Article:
Inequalities in health care between men and women have been described extensively with regard to access to diagnostic and therapeutic procedures. These inequalities affect coronary heart disease care. Although survival rates differ for men and women following a myocardial infarction, this alone does not fully explain inequity in access to health services, especially diagnostic and treatment procedures, for infarct survivors.
A comprehensive self-administered health needs assessment (HNA) questionnaire was developed for concomitant use with generic (Short Form-12 and EuroQOL) and specific (Seattle Angina Questionnaire) health-related quality of life (HRQL) instruments on 242 patients (41% female) admitted to the Acute Cardiac Unit, Nottingham.
Women expressed more dissatisfaction than men overall (p<0.05) and appeared to have more physical needs. Women were more likely to complain about transport, which influenced their access to healthcare facilities (p<0.001), to be concerned about getting help with cleaning (p<0.01), and to request information about rehabilitation services, potential limitations on their daily activities, and nutrition and diet (p<0.05).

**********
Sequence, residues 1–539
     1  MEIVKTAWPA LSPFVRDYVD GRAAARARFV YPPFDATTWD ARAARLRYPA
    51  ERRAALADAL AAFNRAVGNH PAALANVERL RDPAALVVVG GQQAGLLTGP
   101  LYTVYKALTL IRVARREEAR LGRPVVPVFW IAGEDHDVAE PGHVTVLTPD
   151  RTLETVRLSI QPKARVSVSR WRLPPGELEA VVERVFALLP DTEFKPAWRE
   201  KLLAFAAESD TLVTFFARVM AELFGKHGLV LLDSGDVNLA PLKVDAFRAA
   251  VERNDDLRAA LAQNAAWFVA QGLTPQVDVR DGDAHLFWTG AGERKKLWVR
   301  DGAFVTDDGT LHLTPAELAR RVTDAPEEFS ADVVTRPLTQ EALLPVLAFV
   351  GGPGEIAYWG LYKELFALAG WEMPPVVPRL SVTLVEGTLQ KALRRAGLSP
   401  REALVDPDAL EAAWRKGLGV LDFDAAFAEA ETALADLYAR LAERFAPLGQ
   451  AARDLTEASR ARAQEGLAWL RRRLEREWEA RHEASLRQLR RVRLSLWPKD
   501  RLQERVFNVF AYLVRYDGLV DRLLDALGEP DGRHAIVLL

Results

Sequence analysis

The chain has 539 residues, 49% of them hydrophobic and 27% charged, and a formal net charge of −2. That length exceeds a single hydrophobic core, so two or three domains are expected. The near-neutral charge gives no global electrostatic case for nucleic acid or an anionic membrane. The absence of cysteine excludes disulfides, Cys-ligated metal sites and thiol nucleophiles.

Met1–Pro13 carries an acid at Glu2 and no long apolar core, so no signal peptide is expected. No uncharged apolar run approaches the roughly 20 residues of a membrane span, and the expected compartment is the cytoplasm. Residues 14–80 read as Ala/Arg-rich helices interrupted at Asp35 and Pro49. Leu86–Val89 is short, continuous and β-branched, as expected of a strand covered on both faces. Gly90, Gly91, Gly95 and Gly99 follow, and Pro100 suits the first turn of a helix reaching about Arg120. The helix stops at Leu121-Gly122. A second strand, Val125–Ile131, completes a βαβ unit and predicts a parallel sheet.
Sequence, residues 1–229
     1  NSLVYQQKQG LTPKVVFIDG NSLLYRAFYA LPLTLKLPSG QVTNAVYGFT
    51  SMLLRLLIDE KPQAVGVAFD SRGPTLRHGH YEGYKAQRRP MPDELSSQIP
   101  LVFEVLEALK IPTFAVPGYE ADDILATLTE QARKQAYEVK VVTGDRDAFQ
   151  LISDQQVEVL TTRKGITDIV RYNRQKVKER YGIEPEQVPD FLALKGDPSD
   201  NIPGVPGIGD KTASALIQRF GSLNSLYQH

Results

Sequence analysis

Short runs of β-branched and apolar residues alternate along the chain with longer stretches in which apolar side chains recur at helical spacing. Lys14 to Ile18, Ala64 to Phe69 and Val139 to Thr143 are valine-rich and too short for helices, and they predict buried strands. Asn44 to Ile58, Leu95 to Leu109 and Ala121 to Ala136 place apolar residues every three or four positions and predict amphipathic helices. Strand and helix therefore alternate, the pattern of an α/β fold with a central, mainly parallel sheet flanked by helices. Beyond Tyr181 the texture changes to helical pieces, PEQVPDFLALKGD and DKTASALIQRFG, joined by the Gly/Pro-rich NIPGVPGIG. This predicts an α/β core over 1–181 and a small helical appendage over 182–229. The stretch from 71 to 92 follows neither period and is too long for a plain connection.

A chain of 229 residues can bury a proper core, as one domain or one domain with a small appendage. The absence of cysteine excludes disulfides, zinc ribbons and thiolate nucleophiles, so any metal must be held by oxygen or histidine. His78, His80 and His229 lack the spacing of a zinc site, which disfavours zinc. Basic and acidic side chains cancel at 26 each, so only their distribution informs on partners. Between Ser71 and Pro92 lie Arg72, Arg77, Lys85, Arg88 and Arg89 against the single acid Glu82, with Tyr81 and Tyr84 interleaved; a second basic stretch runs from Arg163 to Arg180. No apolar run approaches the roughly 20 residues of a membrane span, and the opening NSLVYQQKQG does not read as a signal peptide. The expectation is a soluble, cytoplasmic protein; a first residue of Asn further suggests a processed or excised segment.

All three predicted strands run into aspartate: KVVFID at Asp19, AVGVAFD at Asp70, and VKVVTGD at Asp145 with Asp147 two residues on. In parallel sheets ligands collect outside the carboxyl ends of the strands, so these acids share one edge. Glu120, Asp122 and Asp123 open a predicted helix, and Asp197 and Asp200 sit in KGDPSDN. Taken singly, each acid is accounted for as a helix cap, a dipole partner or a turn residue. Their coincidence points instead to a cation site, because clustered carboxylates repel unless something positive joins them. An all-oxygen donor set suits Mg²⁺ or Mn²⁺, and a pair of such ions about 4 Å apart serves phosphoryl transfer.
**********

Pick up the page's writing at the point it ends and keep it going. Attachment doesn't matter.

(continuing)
Women had lower health-related quality of life scores in all the HRQL variables, which was significant in EQ-5D (usual activities, and pain/discomfort), Seattle angina questionnaire (angina stability), and both components of the Short Form-12.
This survey was the first attempt to apply a needs assessment tool combined with quality of life assessment for cardiac patients to identify potential gender disparities. Women reported greater health needs and greater dissatisfaction with current health services and had worse HRQL. Recognition of gender disparities in health needs and HRQL would clarify areas for improvement in healthcare services, and these might allow a better quality of life for infarct survivors.
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